The Greek verb for “to repent,” metanoeô, has the basic meanings of “change of heart,” “turn from one’s sins” or “change one’s ways.” Often, though, these meanings direct us to focus only on the individual who repents; they obscure the relational dimension at the heart of repentance. The concept of repentance assumes sin against someone, forgiveness that we seek from another and the hope and promise of reconciliation with the offended party.
In the biblical context, the one ultimately whom we have offended and to whom we must be reconciled is God. Repentance is not a single act, but a process of coming to know God more fully, learning what God wants from us and realizing that what God ultimately desires is a deeper relationship. And when that relationship is breached by sin, God seeks our reconciliation. God is the initiator of repentance, because God longs for us to restore our broken relations so that we may live the life intended for us: abundant and eternal.
This is why God takes the initiative in calling out to Moses to rescue the captive people of Israel, whom God describes as “my people.” But it is also why Moses asks God’s name, the first step in restoring Israel to God. While God had remembered the people of Israel, the people had not remained in relationship with God. God’s actions on behalf of Israel demanded a renewal of relationship. God said, “I am who I am,” defining his eternal essence, but God also reintroduced himself by hearkening back to the past relationships with their ancestors. Moses was directed to tell the people, “The God of your ancestors, the God of Abraham, the God of Isaac, and the God of Jacob, has sent me to you.”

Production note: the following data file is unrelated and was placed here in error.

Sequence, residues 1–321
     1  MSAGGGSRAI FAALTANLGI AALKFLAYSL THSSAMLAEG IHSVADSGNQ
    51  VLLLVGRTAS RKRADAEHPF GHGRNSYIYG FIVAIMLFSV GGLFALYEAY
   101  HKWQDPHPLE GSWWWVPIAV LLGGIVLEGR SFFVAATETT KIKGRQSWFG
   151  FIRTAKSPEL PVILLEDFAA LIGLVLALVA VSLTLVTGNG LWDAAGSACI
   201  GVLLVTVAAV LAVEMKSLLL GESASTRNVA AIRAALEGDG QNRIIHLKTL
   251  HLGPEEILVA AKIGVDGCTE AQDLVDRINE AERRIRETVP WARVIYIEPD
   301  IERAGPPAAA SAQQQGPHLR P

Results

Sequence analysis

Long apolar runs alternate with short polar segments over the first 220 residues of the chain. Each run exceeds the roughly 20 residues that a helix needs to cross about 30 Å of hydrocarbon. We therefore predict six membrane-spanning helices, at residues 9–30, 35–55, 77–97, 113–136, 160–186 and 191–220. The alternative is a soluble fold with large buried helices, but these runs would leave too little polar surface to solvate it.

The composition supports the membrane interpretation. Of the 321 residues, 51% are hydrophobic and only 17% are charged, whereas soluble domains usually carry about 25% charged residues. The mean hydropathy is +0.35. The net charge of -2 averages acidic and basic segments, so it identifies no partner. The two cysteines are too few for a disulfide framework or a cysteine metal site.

The Psalmist tells us that first God “made known his ways to Moses” and then “his acts to the people of Israel.” Forgiveness and reconciliation could occur once the relationship was restored, since God is “merciful and gracious, slow to anger and abounding in steadfast love.” Forgiveness is the essence of God, for God “does not deal with us according to our sins, nor repay us according to our iniquities,” yet repentance is essential. As the apostle Paul notes, many Israelites were struck down during the wilderness wandering because of a variety of sins.
Paul cautions the Corinthians, using the Israelites as an example, writing, “If you think you are standing, watch out that you do not fall” (N.R.S.V.). The New American Bible adds a subtle variation to Paul’s caution: “Whoever thinks he is standing secure should take care not to fall.” Repentance demands that we not create a false sense of security about our relationship with God, but must always be asking how it can be built, strengthened and understood. Turning from sin is a constant necessity.
Jesus warned that repentance is required of us all, not just those whom we tend to consider as “worse sinners.” Jesus asked the people about some Galileans whom Pilate had killed: “Do you think that because these Galileans suffered in this way, they were worse sinners than all other Galileans? No, I tell you; but unless you repent, you will all perish as they did.” Relationships demand constant attention, and our relationship with God is similar; repentance is not static, it is not done, it is not complete, and to think of it as so is spiritually dangerous. Repentance is the constant acknowledgment that we desire to follow God and remain in relationship with God.
And God wants to be in relationship with us. God is calling to us, so that we can be forgiven and accept reconciliation. God calls for us to recognize our sin, to turn from our sin, to repent. The better we know God, the more we want to be in relationship with God, and the more we desire repentance. Repentance is not a sign of failure in our relationship with God but a sign of our growing love for God.